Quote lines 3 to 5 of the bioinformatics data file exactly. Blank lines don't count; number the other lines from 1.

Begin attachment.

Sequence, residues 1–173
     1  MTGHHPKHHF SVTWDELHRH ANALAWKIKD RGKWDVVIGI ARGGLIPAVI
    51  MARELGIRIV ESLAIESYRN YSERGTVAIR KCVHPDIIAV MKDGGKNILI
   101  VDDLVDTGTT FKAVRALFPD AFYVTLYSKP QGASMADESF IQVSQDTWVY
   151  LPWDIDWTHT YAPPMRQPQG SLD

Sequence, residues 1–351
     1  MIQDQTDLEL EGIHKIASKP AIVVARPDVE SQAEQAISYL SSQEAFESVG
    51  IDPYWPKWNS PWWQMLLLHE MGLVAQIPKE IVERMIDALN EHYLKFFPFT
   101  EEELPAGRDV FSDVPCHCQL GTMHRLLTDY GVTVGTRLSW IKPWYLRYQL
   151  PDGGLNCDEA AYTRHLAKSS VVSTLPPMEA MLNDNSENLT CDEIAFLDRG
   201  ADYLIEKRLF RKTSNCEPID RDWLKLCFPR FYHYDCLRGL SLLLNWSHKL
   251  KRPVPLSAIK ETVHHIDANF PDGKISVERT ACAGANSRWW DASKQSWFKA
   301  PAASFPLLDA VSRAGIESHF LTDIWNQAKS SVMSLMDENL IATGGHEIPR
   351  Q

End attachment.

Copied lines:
    51  MARELGIRIV ESLAIESYRN YSERGTVAIR KCVHPDIIAV MKDGGKNILI
   101  VDDLVDTGTT FKAVRALFPD AFYVTLYSKP QGASMADESF IQVSQDTWVY
   151  LPWDIDWTHT YAPPMRQPQG SLD